Data Stories

What is a Data Story presentation? In this presentation students share their process, methods, and/or reflections on their experience with data for a research project.  Data is any gathered information used in process of a research project.  Data can be both quantitative and qualitative.  Quantitative data includes anything that we can measure using numbers such as income, population, etc.  Qualitative data can include images, stories, audio recordings, interviews, etc. Presentations may include information on project data, challenges to data collection, interpretation, analysis and visualization tools, decision-making process, research methods, preliminary results, and lessons learned. 

The research project does not need to have been completed by May 26th, the day of the symposium.    

Candidates for Data Stories include students who: 

  • have data but have not completed their research project 

  • have finished their project but want to participate by focusing on data aspects 

  • want to focus their presentation on their experience with data 

  • want to discuss their learning experience gathering and using data 

Presenters may wish to consider addressing one or more of the following questions in putting together their presentation:  

  • Why did you collect this data and how does it relate to your research question?  

  • What were the challenges in gathering the data? 

  • Did you learn a new technique to process or understand your data? 

  • Did you learn a new way to present and/or visualize your data?  

  • Did you find a new way to organize and/or store your data? 

  • What does your data not explain? Is there more to your research question?    

Data Story Presentation (Virtual and In-person): 

Data Story presenters can choose to present in-person or virtually via moderated Zoom sessions on May 26th.  In-person presentations will take place from 10 a.m. to 5 p.m. in the Price Science Library Visualization Lab. Data Stories students will receive support for either mode of presentation.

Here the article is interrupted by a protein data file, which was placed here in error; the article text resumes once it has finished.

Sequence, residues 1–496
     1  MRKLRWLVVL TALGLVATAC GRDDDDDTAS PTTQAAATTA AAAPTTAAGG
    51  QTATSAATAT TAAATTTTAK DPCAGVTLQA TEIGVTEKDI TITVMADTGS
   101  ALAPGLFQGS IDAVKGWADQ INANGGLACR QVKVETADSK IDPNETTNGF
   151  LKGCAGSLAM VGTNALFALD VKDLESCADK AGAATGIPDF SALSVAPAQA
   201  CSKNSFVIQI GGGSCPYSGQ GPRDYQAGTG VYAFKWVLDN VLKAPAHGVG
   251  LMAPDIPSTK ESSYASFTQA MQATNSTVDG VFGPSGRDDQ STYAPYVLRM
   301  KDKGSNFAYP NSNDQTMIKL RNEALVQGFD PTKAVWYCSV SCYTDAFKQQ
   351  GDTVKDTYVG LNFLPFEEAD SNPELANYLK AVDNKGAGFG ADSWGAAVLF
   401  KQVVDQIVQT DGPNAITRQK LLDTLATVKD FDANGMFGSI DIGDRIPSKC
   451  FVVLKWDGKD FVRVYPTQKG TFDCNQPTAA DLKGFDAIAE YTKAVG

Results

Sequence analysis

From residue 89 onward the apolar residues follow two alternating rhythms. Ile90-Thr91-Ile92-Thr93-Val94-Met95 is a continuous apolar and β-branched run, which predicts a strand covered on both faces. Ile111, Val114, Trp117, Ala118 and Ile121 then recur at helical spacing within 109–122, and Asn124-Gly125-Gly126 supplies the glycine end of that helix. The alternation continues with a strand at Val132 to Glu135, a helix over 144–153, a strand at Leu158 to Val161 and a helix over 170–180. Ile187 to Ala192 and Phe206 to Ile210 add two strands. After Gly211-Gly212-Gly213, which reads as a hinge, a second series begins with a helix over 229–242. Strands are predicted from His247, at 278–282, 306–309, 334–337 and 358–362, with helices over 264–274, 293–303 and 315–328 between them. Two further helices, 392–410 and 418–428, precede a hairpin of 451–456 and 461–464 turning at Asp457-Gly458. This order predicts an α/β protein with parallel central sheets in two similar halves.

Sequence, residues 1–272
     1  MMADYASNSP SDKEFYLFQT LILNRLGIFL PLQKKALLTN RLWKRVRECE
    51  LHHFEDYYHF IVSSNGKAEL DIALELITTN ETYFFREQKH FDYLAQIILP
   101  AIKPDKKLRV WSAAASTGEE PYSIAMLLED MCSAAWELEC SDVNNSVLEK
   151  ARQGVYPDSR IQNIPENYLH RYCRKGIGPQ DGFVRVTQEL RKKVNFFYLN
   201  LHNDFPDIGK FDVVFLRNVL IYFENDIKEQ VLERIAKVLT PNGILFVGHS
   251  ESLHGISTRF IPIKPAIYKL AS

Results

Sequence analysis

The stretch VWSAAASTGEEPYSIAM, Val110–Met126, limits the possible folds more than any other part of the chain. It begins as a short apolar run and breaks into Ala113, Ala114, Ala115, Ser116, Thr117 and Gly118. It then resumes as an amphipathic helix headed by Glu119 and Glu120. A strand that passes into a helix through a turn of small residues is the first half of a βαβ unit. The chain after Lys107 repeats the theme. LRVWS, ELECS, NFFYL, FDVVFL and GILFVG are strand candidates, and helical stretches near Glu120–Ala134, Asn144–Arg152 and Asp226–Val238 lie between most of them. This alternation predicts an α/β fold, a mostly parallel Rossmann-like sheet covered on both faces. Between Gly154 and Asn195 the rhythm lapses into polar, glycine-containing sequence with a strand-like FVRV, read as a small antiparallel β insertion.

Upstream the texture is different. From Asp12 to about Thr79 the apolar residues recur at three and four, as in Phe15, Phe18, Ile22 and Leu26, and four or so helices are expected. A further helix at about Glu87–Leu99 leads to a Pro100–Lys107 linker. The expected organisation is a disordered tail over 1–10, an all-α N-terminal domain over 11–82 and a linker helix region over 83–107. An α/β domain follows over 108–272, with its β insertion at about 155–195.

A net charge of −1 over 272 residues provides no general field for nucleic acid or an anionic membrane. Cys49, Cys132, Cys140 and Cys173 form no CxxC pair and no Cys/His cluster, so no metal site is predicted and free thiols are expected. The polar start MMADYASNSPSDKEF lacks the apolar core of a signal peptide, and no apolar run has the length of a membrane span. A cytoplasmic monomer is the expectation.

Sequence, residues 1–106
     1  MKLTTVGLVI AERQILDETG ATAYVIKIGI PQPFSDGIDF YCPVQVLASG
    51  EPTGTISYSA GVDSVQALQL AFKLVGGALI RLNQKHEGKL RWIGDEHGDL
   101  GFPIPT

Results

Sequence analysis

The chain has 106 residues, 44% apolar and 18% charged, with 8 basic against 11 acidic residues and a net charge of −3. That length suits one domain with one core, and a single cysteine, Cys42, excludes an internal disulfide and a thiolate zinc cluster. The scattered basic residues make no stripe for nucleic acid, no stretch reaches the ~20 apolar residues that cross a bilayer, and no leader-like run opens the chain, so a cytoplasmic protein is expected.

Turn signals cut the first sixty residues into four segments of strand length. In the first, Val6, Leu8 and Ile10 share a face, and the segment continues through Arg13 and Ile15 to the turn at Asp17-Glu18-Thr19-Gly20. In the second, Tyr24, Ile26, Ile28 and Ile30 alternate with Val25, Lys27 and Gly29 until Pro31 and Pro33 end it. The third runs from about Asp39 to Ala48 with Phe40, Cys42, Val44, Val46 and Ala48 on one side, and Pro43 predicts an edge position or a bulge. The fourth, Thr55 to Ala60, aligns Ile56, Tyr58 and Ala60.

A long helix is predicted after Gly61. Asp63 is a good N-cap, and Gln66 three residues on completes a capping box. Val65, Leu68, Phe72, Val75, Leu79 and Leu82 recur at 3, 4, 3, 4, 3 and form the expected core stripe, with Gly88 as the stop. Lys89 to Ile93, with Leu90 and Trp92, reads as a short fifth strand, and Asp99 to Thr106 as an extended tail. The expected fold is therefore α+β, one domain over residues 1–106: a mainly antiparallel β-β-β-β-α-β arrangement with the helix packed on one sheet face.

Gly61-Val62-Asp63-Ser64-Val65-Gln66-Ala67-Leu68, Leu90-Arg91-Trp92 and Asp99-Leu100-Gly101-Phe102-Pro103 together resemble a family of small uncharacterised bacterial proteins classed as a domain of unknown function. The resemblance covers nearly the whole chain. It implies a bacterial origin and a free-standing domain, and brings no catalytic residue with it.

Depending on the number of presenters, students may be grouped in 90-minute “Data Stories” sessions with other presenters. The final 15-20 minutes of the sessions will be reserved for questions and discussion.  Students should plan for presentations to be approximately 10 to 15 minutes in length. Each presenter will be contacted prior to May 26th to answer any questions and provide support for the presentation.   

Full details on support resources for students preparing and delivering their presentations virtually or in-person will be provided in the Presenter Confirmation Survey distributed after the Abstract Submission. Video tutorials, virtual workshops, and onsite support consultations will be provided. 

Faculty Mentors will be invited to both the Zoom and in-person sessions. Session moderator(s) will introduce the students, and facilitate discussion. All Zoom sessions will be recorded and uploaded to the Symposium YouTube channel for viewing after the Symposium as part the Symposium on-line exhibit.